So in short, I don’t know or care what McGreevy was or is…merely that the words don’t map to the facts when the disgusting spin-machine-that-was-my-Gov. got involved.

  • Stephen A.

    Was Ellen’s female lover “lesbian” when she went back to men? What about when she goes back again?

    I’m kinda with the liberals here. Why do we care? This is all quite a big performance for some people for whom performances are what they DO, after all, while the rest of us little people go on with our lives, slightly amused at their confusion and supposed inner turmoils.

    From a reporting point of view, people are what they say what they are – except when they’re not. And then it’s our job to add those few explanatory paragraphs at the end of the story, “In 2001, she proclaimed she was no longer gay…”

  • tmatt

    Oh my. It is rare that one gets to disagree with Michael and Stephen A at the same time.

    The “let them define themselves” option is not how U.S. law covers civil rights issues. Well, it is, but only on one subject — religion. Otherwise, civil rights has been granted only for conditions or states in which the causation is known — gender, race, age, handicap, etc.

    This is why the Kinsey concept is so important and it is one reason that the U.S. Supreme Court has hesitated on the question of granting sexual orientation protected civil-rights status. What is homosexuality? What is bisexuality? What are the causes — plural? Can the condition change or evolve? To what degree is choice involved?

    These are all crucial questions that are at the heart of the legal, cultural and theological questions THAT THE PRESS claims to be covering.

    Sorry. The words have to have definitions.

  • http://www.bluffton.edu/~bergerd Dan Berger

    Terry, you are correct in terms of both law and precision, I think.

    But we were also addressing the issue of the use of words by an amateur. Probably not relevant to the topic of your post, but there it is.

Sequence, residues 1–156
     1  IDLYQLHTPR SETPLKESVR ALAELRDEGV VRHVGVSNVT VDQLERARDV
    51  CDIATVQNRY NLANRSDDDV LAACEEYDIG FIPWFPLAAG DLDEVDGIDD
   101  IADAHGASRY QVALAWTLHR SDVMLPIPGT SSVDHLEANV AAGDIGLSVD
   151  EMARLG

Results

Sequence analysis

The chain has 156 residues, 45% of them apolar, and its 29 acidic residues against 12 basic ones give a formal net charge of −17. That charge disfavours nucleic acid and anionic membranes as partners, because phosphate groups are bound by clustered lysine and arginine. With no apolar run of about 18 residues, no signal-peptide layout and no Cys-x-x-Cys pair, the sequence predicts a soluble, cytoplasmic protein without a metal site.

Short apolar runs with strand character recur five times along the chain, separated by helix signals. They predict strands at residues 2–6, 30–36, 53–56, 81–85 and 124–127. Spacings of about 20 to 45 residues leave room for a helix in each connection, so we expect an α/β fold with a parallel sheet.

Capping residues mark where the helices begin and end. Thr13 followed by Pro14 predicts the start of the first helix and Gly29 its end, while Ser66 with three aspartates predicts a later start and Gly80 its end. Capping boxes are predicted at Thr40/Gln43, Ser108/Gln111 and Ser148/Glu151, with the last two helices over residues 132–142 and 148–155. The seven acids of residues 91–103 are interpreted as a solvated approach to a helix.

Getting back to Michael’s citation of the National Lesbian and Gay Journalists Association, how does their preference to allow self-identification to pass unquestioned interact with legal issues? If we allow self-identification in terms of religion, and also allow religion to be a protected class in law, why can/should we not do so in terms of homosexuality?

    And, just to throw a small bomb, what would that privileging of self-definition mean in terms of how Queer Theory’s ideological rubber meets the road? Especially if self-identification as non-straight functions as a civil rights marker?

    Could this be why a number of prominent African-Americans think that homosexuality is not a civil rights issue?

  • Michael

    Actually, under civil rights law, the “perception” of being disabled or “too feminie or masculine” does gain you protection under either the ADA or Title VII, respectively. So if Cheryl Swoopes is living with a woman, whether she is a lesbian or bisexual, she is “perceived” as a lesbian and therefore can be the object of discrimination using the same theory.

    In addition, if we protect discrimination based on sexual orientation, it makes no difference whether she is “bisexual” or a “lesbian” since either would be protected, just as men and women, whites and black are covered by Title VII.

    As Matt pointed out, cviil rights protecteion doesn’t insist on immutable traits in all cases (religion), and being a “protected class” clearly doesn’t require immutable tratis, even if it does not rise to the level of a classic “civil rights” protection. For equal protection purposes, whether it is a choice or innate is completely irrelevant.

  • Michael

    If we now going to not permit people to “self-identify” their sexual orienataion because we hope to illuminate an alleged legal or political point, I offer this scenario:

    A prominent California Republican Congressman announces he is marrying in the ultimate symbol of heterosexuality. Do we ask him, despite his alleged heterosexuality, whether he is in fact bisexual given the perception that he has had a long-term romantic relationship with a man? If he insists he is straight, do we still insist on calling him bisexual since all evidence–he lives with a man and they appear to be romantic–suggests that he has had same-sex relations and therefore cannot be “straight?”

  • Stephen A.

    Yes, this is a legal thicket.

    However, it seems pretty obvious to me that if someone says “I’m homosexual,” and that’s relevant to the story, then I as a reproter should take that at face value.

    In Michael’s interesting example, I suppose the hetero can be ‘faking being gay,’ but for what purpose?

    And yet, Anne Heche (the unnamed lover in my Ellen example) said recently that people shouldn’t jump to conclusions that she’s straight ‘just’ because she’s married to a man. The husband must love reading that in the papers. Likely not.

    I don’t know, but I suspect, that in hate crime cases, it doesn’t matter whether the victim self-identified him/herself as gay or not. It’s only the motives of the attacker that count. So I don’t see how that really plays into this.

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  • Jon